I don't mean to belittle my pictures but after almost twenty years very few of anyone's photographs stand up with hundreds of viewings. That basic fact is simply what crushes some and inspires others.
B: What do you think you're looking for now that you weren't looking for then?
JL: I think I have tried to raise the level of my game by making photographs that are more subtle. Again, the dip of the shoulder versus a fight. I certainly have been more informed by working and by the work by others to know what I am up against and how to approach things differently but it is a bit like steering a ship. I still get attracted by grand gestures but it is the smaller more common ones that I wind up printing.
B: Most of your work appears to be shot on film and printed traditionally in a darkroom. What is it about this process (in contrast to digital capture/inkjet print) that attracts you?
JL: That is simply how I learned, using the traditional film process. I use rangefinder cameras and right now the digital rangefinders available are shit so until they work that out I'll stick with Tri-X. I have no nostalgic hold on film or claim its superiority, I have some really good digital photos I made on the street but I just haven't worked out the printing aspect yet. I see almost no difference whether you shoot film or digital. You are making pictures. That is all that counts.
I do love printing my own work in the darkroom. That isn't a burden. Learning calibration and finding the right paper to be printing on digitally, is however.
B: Which photographers are most important to you?
JL: That's always changing. Years ago I would have named the usual suspects; Winogrand, Frank, Friedlander, Levitt, Klein, Koudelka. I still love all of them but I am now more apt to look at Michael Schmidt or David Goldblatt's work. Rarely does my interest in the other artists directly correlate with what I am pursuing. It is still informing but in a different manner.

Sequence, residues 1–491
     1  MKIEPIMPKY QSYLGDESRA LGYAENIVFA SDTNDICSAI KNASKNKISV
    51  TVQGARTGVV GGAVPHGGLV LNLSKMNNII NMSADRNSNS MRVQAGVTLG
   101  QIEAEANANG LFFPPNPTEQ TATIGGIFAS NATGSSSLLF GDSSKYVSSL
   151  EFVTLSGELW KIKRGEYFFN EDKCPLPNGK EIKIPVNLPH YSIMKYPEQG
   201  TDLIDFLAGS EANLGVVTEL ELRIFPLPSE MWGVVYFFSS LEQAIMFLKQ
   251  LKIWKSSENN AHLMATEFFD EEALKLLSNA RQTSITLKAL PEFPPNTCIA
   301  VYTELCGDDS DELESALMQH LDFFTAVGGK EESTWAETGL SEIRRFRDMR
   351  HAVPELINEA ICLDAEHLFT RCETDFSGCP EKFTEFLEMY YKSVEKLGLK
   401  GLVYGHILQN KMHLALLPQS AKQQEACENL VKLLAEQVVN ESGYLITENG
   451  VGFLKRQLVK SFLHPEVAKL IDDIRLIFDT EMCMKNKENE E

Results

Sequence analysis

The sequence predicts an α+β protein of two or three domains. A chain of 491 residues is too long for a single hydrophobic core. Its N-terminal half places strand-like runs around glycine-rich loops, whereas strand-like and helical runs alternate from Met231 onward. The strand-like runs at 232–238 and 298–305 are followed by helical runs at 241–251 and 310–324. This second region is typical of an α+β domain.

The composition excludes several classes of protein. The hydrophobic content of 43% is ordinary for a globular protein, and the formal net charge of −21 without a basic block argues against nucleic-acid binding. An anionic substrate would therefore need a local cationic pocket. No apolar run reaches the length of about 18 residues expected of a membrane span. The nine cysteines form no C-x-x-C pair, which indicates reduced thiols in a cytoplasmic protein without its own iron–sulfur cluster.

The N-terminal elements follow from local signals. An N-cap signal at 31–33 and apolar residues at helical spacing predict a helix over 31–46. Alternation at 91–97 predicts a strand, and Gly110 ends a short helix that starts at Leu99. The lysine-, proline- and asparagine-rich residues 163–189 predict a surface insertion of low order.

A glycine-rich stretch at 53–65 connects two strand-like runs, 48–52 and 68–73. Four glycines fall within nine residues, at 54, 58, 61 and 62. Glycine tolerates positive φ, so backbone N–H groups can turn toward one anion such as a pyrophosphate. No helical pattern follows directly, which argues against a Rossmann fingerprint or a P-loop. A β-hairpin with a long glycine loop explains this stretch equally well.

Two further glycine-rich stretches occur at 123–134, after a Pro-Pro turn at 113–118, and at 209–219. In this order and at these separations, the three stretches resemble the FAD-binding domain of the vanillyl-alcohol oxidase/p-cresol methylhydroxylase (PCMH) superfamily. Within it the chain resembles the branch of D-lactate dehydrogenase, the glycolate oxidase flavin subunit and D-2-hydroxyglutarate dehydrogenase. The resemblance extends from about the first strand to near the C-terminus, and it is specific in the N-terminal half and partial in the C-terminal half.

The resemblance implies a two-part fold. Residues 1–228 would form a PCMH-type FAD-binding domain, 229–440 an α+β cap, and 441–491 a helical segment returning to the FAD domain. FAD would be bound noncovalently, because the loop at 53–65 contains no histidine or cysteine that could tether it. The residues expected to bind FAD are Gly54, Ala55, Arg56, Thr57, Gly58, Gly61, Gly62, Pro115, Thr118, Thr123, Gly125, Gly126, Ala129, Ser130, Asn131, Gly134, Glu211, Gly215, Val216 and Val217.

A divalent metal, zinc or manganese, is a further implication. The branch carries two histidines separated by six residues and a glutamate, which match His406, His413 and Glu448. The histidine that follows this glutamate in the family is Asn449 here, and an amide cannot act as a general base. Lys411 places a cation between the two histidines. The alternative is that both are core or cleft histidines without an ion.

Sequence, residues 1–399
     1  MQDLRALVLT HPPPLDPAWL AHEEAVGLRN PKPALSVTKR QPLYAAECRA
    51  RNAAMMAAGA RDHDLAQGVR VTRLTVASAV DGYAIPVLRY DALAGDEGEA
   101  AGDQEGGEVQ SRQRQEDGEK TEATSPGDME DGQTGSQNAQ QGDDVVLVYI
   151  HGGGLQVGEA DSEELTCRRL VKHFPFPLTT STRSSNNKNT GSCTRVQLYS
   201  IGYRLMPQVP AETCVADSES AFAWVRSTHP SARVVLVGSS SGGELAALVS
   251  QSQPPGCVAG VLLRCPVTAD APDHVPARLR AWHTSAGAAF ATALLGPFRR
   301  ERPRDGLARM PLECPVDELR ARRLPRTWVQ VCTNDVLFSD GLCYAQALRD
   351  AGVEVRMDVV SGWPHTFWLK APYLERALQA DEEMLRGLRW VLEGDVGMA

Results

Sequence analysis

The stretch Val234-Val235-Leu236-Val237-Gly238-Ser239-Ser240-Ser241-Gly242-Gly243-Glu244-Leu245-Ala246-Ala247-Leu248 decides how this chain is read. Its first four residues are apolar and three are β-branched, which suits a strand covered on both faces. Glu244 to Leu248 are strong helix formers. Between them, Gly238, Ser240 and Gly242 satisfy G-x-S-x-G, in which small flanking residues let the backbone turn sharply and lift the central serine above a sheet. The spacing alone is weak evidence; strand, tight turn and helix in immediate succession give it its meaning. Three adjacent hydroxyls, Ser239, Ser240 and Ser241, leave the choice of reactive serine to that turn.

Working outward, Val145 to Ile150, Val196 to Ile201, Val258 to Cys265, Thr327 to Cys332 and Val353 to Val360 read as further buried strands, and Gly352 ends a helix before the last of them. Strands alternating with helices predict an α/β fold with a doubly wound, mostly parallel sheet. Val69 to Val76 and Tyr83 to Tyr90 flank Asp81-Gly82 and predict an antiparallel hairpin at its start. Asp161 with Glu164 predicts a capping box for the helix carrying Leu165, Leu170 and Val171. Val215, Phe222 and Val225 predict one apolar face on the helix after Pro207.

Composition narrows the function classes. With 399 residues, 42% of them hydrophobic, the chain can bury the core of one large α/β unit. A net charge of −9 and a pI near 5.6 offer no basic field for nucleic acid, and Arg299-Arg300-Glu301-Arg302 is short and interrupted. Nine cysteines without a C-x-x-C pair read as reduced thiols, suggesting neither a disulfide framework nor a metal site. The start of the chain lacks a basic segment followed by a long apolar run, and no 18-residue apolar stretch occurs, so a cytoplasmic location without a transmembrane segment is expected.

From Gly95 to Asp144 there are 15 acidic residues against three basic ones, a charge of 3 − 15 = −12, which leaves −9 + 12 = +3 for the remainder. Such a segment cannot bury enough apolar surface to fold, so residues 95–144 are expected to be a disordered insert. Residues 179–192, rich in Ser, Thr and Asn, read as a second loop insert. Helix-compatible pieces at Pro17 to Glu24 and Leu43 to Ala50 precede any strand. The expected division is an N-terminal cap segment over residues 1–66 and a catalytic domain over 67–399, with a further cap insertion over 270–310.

B: What about nonphotographic artists?
JL: I like a lot of work across a large spectrum from; Ben Shahn, Mark Tansey, Ed Ruscha, Richard Serra, Anselm Kiefer, Gerhard Richter, Dieter Roth, Gordon Matta-Clark, Walid Raad. Don't get me started on graphic design or film.
B: Which photographers confound you? Which ones do not appeal in any way?
JL: I sold my Joel-Peter Witkin books.
B: Joel-Peter Witkin raises the topic of the fine art photography world, a bubble which is generally tough for street photographers to penetrate. What sort of acceptance have your photos received? Have you put much effort into promoting your work or is it mostly for yourself?
JL: I don't think anyone pursues this kind of work with even the glimmer of expectation that the "art world" will embrace them. Even Winogrand, who had a long relationship with the art world didn't sell his prints for much and it has taken 20 years after his death for them to fetch even moderate prices. Work like this is a hard sell. This is not so discouraging to me. I understand how that market operates and I respect it. I don't like a lot of what I see and think a good portion won't stand the test of time but so it goes with my own photographs. I have trouble giving them away. Street work in particular has a hard time seeming "new" so why settle on Jeffrey Ladd or Blake Andrews when you can buy Klein, Winogrand or Levitt?
I photograph for myself and have had a very healthy exhibition record as a result. I don't sell many prints at all. I will probably always spend more money than I will get in return but I am happy with what I produce. I am a notoriously bad self-promoter bordering on self-destructive. I write on my now very popular photobook blog 5B4 Photography and Books under my cat's name, Mr. Whiskets. Need I say more?
B: In addition to 5b4 you're a publisher now. Do you ever anticipate publishing your own work? Surely as a book-lover it's crossed your mind.
JL: Of course I have thought about it but that is a while off. When we started Errata it was to do the book series on photobooks. That project may not lose all our money right from the start because there is a healthy audience. If we started off with Jeff Ladd's book or Ed Grazda's book, we would just be spending money with little return to put towards other books. That isn't being pessimistic as much as realistic. I have a strong ego and confidence in my work but I also see how it exists in the world as a commodity - which books are, at least in part. It will happen someday but I am in no rush.
B: I'll finish with a loaded question: Why do you photograph?
JL: It always sounds pretentious when people say they need to take pictures. I fell in love with the process and the freedom it provides. I am sure if something else came along that filled those needs as pleasantly then that might become my new passion. After all, I have had 8 or 9 very serious relationships in my life and have fallen out of love before so I can't say that it won't happen with this. It's very hard to imagine but possible.